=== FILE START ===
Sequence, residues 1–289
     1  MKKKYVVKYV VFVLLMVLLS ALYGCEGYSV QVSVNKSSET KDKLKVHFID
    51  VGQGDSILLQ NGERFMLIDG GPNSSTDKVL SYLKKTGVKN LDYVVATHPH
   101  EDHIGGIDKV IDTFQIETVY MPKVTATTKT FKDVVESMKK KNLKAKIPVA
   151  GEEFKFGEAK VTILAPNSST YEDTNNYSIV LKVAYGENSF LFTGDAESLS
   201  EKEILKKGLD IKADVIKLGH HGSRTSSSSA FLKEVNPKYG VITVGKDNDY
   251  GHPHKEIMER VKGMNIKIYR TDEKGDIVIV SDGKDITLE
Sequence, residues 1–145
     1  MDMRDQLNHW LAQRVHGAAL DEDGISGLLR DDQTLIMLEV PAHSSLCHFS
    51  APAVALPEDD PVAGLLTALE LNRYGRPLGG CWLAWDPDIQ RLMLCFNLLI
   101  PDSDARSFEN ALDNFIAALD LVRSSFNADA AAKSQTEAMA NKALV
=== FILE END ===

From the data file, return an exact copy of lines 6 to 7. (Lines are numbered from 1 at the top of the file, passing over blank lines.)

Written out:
   201  EKEILKKGLD IKADVIKLGH HGSRTSSSSA FLKEVNPKYG VITVGKDNDY
   251  GHPHKEIMER VKGMNIKIYR TDEKGDIVIV SDGKDITLE